Both these varieties are machine harvested. While machines are definitely faster, they aren’t as gentle as human hands, so some of the berries may be inadvertently crushed during the picking process. This is something you want to avoid with sparkling and sauvignon blanc. However, with Rob’s chardonnay and pinot, a bit of skin contact with the juice is no disadvantage. It was a nice chilly night here in the Hills last night, so perfect conditions for picking.

Also, because it has been machine harvested, the Chardonnay will need to be destemmed and pumped straight into the press.

The Pinot Noir will be put through the crusher/destemmer and pumped to a little open fermenter, where yeast will be added. It will ferment away in contact with the skins for around a week. Don’t forget that all the colour is in the skins, so this gives maximum opportunity to extract all the colour and also tannins into the fermenting juice.

Pressing versus crushing – what’s the difference? When making white wine, the fruit is usually pressed before primary fermentation. This is a gentle process which minimises the amount of skin contact with the juice. For red wines though, the grapes are first crushed to maximise the amount of skin contact (for colour and flavour) and pressed after fermentation to squeeze out the remainder of the juice and remove the skins and seeds, etc. Of course, there are many ways to make red and white wines, so you will see variations on these processes depending on the style.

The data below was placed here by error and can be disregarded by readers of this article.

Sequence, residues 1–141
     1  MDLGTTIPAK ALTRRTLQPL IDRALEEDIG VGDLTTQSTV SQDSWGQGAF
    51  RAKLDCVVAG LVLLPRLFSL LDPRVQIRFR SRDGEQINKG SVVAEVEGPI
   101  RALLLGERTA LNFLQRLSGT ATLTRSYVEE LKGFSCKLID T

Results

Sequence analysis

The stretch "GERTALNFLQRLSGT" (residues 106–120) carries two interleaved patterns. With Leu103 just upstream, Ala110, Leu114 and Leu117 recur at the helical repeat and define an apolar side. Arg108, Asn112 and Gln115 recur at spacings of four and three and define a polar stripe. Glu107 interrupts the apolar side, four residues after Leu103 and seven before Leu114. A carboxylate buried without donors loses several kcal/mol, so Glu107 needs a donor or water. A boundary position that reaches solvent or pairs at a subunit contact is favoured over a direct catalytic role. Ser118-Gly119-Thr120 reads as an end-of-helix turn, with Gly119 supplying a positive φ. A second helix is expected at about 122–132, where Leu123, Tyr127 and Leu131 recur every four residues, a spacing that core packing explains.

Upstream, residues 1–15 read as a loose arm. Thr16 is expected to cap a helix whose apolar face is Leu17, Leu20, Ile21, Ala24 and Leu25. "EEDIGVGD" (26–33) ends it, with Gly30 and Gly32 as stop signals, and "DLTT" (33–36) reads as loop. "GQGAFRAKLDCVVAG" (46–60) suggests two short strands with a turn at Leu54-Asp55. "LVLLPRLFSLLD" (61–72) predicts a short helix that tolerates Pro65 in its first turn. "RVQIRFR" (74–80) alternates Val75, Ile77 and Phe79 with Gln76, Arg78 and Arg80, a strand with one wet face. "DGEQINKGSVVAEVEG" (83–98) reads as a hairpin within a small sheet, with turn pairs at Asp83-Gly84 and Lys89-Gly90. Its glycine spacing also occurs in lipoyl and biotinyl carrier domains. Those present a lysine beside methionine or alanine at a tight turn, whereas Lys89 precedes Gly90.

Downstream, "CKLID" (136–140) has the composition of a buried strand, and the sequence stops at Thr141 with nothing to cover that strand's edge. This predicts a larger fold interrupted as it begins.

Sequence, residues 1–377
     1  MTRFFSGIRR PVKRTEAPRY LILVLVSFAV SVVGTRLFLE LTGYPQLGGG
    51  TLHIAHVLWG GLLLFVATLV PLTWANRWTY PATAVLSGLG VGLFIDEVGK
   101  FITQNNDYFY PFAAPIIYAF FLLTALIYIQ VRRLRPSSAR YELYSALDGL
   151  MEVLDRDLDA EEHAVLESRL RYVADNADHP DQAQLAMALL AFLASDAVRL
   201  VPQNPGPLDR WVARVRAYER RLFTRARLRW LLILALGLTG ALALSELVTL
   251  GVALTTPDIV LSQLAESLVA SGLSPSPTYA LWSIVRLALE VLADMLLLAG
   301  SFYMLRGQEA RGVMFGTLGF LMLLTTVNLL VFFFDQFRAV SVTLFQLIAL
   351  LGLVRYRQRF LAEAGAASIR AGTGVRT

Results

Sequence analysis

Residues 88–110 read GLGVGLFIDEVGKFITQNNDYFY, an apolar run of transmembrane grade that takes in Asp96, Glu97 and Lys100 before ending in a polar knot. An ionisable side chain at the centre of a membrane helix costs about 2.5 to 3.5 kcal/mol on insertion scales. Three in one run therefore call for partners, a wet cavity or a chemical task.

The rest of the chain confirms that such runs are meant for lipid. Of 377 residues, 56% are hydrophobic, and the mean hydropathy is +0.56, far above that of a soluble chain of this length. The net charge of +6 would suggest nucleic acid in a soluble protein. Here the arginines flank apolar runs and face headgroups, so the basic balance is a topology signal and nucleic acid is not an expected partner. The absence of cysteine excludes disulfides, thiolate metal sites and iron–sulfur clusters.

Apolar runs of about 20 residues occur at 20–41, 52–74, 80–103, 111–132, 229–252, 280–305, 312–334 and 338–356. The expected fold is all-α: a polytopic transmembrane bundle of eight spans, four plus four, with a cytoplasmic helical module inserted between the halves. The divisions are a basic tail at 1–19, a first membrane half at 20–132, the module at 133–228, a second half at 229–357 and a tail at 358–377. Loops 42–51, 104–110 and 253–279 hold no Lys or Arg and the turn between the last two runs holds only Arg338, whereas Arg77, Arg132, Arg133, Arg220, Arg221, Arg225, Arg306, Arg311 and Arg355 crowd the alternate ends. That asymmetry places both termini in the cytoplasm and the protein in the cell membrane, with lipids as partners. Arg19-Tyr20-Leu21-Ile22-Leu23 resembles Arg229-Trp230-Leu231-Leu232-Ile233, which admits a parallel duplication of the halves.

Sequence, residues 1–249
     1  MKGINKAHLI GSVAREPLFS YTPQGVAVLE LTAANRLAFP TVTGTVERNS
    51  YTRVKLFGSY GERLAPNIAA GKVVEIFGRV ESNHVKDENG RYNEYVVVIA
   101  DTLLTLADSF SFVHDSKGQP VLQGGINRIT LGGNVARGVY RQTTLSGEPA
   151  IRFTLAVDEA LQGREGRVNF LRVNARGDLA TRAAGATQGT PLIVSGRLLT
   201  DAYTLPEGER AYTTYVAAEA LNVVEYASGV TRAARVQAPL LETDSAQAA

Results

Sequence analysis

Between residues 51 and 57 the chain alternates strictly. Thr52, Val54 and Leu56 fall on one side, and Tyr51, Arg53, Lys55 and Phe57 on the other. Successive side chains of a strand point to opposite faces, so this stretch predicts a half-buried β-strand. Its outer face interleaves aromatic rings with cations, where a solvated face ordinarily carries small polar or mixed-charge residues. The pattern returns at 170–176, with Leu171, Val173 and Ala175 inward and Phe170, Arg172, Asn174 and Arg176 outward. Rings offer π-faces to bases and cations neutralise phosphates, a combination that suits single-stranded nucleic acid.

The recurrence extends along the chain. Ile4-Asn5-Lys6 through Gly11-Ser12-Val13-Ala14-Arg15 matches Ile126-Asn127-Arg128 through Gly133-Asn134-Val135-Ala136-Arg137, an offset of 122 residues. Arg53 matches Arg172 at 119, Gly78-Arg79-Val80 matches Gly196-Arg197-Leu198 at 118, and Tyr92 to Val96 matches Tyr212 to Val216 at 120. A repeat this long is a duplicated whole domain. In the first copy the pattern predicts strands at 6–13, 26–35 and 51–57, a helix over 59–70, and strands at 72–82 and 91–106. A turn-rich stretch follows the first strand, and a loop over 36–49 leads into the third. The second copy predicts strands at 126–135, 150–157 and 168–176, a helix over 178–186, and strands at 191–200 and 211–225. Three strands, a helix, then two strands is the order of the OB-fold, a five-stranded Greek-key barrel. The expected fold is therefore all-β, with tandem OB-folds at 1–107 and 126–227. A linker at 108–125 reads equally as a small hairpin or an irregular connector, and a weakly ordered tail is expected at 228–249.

All of Rob’s hard work has, quite frankly, worn me out… so, I’m off for a week of R&R with the family. But never fear! Your guest blogger, Lucy will be taking the reigns next week. Go easy on her!

Gelati Party!

In the meantime, if you’re looking for something to do on Sunday 25th March you should plan a trip to Hahndorf and our Gelati Party! It’s “Crush Take 2” (with, fingers crossed, much cooler weather this time) where Somerled, Scott & La Prova Wines and Hersey Vineyard will be joining forces on the lawn (behind the Scott cellar door at 102 Main Street, Hahndorf) for a celebration of cool jazz music, delicious dude food, amazing wine and, of course, Gelati!

I mean, why wouldn’t you be there?